Tag Archives: Ericsson

More about the 10,000 hour rule

29 Aug

Yesterday, I blogged about a paper that cast doubt on extreme claims made for the 10,000 hour rule. Now I discovered this blog post at The Science of Sport that makes a similar argument. Writing about Ericsson’s work, the author noted:

“I have that study, and what is remarkable about it is that Ericsson presents no indication of variance – there are no standard deviations, no maximums, minimums, or ranges.  And so all we really know is that AVERAGE practice time influences performance, not whether the individual differences present might undermine that argument.  Statistically, this is a crucial omission and it may undermine the 10,000 hour conclusion entirely.”

They include this revealing chart:

Screen shot 2011-08-09 at 12.24.05 PM

I am not sure this undermines the role of deliberate practice, but I think it puts the extreme claims made on its behalf into perspective. In general, it always safer to assume that human talent is a consequence of the complicated interaction of genes and the environment, rather that extreme view that it has to be exclusively one or the other.

The 10,000 hour rule: Some skepticism

28 Aug

The 10,000 hour rule, the claim that extensive practice trumps native ability, has captured the public’s imagination. The rule derives from the work of psychologist K. Anders Ericsson.  Here is a succinct statement of Ericsson’s position:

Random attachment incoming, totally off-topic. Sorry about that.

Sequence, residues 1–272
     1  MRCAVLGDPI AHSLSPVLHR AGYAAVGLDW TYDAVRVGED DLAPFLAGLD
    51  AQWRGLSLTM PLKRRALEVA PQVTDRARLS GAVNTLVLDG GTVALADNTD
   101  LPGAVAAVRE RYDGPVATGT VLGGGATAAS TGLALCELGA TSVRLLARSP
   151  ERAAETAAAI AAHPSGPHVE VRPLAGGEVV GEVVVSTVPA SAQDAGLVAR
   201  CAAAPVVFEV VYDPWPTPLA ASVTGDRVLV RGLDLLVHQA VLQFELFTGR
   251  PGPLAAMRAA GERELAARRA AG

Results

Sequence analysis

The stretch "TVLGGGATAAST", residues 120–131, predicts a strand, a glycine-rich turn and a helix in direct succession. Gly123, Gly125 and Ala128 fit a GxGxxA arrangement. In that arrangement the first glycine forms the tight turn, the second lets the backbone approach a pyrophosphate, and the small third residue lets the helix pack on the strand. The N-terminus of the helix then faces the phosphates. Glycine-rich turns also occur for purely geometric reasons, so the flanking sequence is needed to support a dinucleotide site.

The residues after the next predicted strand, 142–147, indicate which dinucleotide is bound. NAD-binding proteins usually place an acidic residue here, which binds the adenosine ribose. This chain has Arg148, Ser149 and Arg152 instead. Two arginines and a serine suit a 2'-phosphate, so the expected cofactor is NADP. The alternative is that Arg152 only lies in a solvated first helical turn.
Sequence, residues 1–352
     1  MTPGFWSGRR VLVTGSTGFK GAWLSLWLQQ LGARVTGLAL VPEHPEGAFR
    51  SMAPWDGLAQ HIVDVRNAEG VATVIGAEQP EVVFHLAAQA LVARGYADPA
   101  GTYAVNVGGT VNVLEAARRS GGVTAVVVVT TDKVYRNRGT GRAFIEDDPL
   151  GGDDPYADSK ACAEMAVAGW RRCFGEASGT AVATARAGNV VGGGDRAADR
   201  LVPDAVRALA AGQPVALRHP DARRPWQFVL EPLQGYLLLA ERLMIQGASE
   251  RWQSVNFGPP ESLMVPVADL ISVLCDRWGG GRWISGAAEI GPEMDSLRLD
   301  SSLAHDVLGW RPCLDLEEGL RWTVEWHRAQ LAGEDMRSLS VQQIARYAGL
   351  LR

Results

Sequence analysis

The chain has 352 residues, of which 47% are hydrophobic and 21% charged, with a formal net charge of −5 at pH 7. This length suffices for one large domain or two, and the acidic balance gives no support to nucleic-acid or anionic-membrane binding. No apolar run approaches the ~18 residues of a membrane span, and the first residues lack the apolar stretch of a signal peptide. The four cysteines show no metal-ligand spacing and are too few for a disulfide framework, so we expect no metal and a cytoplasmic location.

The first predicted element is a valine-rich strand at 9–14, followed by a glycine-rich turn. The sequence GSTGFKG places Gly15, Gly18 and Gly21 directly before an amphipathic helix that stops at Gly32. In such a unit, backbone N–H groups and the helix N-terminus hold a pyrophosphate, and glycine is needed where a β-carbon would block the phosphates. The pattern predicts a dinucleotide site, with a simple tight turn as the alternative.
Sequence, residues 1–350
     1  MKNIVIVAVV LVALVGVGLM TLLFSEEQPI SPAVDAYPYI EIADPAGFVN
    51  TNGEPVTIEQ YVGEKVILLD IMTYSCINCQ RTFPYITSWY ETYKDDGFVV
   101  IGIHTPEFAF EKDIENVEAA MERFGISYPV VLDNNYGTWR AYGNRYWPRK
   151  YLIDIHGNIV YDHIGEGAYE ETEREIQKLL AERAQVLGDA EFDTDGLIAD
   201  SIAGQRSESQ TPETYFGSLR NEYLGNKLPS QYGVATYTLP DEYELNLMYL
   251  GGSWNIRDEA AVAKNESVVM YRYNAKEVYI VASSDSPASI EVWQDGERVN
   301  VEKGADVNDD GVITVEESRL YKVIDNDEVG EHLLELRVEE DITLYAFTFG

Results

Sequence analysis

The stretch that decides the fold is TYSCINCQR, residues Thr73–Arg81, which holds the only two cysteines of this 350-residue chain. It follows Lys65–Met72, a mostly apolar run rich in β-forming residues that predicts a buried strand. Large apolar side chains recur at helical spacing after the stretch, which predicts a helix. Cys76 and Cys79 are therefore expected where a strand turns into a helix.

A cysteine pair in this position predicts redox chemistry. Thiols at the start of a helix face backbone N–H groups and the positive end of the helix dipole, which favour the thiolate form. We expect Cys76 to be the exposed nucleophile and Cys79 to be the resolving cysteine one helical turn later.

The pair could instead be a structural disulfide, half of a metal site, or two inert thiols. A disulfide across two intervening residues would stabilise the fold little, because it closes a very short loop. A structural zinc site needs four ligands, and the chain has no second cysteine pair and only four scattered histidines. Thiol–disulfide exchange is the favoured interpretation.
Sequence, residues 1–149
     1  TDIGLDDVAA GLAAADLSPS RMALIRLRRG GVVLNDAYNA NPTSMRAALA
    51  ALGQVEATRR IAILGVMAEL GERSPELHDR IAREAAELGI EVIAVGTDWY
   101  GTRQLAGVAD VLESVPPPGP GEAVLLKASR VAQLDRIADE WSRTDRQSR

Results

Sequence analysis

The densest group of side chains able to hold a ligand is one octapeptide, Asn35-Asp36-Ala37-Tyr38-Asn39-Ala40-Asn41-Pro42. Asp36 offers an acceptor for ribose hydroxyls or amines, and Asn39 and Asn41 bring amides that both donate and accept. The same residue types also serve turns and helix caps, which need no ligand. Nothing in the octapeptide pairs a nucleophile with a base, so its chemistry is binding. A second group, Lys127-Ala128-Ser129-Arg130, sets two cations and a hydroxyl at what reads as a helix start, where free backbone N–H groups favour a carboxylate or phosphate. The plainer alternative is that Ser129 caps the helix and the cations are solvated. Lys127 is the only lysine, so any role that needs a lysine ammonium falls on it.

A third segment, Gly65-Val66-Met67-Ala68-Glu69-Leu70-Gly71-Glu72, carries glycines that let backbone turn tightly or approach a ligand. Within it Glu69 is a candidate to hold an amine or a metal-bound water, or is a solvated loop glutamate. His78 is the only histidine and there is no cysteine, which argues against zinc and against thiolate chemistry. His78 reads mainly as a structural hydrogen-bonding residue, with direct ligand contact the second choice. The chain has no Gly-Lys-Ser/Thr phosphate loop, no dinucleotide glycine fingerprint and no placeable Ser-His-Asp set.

“In most domains of expertise, individuals begin in their childhood a regimen of effortful activities (deliberate practice) designed to optimize improvement. Individual differences, even among elite performers, are closely related to assessed amounts of deliberate practice. Many characteristics once believed to reflect innate talent are actually the result of intense practice extended for a minimum of 10 years” – source

I think Ericsson’s work is important and deliberate does play an important role in the development of talent. However, an important paper by Philip Ackerman in the journal Intelligence argues convincingly that the 10,000 hour rule is an extreme claim not supported by the evidence. In his words:

“Extreme positions on this controversy are fundamentally silly — both nature and nurture are necessary determinants of expert/elite performance, but neither alone represents a sufficient causal factor. “

Here is a typical presentation of the 10,000 hour rule:


(source: http://expertadvantage.wordpress.com/2010/11/29/10000hours1/)

Note, however, that the chart is a representation of mean values. It does not show the variance around the mean. That variance is critical because it would tell us how much of performance is unexplained by the rule.

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